In my half-dozen conversations with locals so far, nobody seems to know or care who Boris Johnson or even who Theresa May is. But they do know about Brexit.  Amd there is a common theme—somewhere between disappointment and anger. The disappointment comes from the Germans feeling that, apart from the French (when it suits them), the only allies they have in the EU against the profligacy of the PIGS are sensible northerners like Holland and Sweden—and until recently, Britain.Rather than us taking our train set home in the huff, they would rather we had joined with them to pick up dissolute southerners and Brussels bureaucrats by the lapels and made the made the EU better.

What this means for the long term is anyone’s guess, but the chance that even the Germans are likely to allow the pick ‘n’ mix of May’s White Paper to get very far (assuming the Jacob Rees-Muggers don’t already assure it is still-born at Westminster) is slim to the point of vanishing to zero.

Which effectively means a hard Brexit with no deal. This may be raw meat to May’s boisterous back benches, nobody here in Germany seems happy with such an outcome. They are fully aware that AIrBus Siemens and a boatloads of car/components manufacturers will lose money, business and momentum. But the Germans are sticklers for doing things right. They will deal with ‘no deal’ with the same calm efficiency that made them world-class manufacturers and rebuilt shattered cities to a standard we can only envy.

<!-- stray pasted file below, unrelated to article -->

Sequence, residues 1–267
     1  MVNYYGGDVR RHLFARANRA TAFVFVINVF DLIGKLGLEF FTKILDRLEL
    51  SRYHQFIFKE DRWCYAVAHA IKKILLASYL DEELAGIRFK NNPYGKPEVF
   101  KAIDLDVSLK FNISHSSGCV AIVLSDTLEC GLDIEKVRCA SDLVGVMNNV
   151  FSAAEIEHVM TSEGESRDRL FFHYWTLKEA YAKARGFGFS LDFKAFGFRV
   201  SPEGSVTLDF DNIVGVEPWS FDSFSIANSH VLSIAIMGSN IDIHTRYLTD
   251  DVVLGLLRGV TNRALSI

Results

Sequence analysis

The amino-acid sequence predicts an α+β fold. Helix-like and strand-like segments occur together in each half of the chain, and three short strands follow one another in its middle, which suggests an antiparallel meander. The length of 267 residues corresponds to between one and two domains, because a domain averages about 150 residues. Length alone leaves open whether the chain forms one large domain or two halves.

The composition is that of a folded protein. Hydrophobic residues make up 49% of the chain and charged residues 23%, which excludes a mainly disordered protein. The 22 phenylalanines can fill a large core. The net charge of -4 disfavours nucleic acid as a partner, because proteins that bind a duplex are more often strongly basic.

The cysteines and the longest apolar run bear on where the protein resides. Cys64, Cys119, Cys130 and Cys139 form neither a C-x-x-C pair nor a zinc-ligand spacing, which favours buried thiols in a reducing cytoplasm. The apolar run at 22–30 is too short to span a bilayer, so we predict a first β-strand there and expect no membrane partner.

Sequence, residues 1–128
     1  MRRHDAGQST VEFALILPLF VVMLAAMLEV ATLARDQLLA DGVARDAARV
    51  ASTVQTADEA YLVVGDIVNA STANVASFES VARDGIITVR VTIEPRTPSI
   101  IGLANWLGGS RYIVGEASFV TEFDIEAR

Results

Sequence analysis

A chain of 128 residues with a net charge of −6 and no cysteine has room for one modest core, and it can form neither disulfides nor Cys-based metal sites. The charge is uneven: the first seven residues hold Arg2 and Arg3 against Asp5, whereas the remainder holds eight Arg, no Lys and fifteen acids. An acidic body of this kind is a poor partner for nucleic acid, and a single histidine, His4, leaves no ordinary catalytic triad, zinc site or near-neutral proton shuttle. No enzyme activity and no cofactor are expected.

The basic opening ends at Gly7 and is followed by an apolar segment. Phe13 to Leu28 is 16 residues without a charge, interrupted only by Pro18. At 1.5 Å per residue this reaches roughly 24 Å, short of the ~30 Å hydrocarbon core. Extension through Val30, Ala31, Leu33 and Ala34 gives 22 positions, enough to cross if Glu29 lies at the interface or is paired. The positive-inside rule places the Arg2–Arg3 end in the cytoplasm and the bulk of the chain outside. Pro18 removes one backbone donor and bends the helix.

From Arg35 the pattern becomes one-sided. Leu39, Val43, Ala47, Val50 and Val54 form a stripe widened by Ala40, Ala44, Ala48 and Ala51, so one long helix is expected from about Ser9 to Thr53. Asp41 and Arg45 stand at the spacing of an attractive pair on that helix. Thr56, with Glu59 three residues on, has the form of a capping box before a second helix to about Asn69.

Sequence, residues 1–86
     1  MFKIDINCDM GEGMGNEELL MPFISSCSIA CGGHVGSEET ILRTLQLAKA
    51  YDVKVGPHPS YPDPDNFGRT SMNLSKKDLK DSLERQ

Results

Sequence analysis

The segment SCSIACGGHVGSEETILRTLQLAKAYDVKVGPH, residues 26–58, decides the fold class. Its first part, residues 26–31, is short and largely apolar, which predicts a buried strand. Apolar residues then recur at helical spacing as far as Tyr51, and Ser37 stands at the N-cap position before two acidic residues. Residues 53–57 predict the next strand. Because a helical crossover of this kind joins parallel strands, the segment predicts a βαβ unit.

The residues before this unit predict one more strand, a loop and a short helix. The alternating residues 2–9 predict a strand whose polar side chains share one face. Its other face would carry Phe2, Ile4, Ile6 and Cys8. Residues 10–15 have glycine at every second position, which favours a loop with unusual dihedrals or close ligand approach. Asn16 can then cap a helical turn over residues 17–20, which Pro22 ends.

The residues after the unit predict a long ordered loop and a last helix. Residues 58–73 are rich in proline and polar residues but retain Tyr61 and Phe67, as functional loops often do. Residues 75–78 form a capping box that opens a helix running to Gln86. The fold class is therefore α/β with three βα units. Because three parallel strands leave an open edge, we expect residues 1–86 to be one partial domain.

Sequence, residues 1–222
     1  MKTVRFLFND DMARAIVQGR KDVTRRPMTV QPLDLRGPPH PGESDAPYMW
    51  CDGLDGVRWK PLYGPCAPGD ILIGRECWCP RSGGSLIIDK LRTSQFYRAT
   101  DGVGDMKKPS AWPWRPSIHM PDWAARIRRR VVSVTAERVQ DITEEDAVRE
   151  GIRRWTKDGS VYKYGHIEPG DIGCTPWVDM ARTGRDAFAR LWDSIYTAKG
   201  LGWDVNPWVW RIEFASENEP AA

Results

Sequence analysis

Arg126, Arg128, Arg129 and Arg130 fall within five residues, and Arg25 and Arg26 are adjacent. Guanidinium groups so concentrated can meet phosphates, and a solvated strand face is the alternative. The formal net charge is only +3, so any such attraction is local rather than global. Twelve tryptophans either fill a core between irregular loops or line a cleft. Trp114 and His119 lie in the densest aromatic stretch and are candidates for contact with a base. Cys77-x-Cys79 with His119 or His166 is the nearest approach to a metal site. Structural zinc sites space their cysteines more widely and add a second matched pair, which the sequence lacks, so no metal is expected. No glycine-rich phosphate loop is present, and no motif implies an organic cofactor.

And take no comfort from the Brexiteers bluster that “The EU sells more to the UK than we sell to them”. Look at it in proportion to the 60m Brit, compared to five times that number in the EU and you realise they have the clout to find other markets easier than the UK will.

So I am here, enjoying my beer and wurst while I can still afford them, Once the Little Emglander tail has finished wagging the Conservative dog, they will eventually be proved right about an influx of foreigners, But these will be affluent EU citizens with Euros to burn in the low-budget third-world island just 30 km offshore.

 

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Single Deck Shuffle

Last week First Minster Nicola Sturgeon announced a major reshuffle of her Cabinet, extending it from 10 to 12 ministers. The unfortunate rammy over some ill-judged remarks made by Gillian Martin before she became an MSP derailed her appointment as Minister for Further Education, Higher Education and Science . This event illustrated the fineness of the behavioural mesh that all public figures are required to pass through. Ms Martin now accepts that blog posts she made in 2007 were “inappropriate” but the real irony may be that she was railing against excessive political correctness. That, and the fact that media turnover-boosting darlings like Boris Johnson and President Trump get away with it by already being famous, and therefore not so expendable.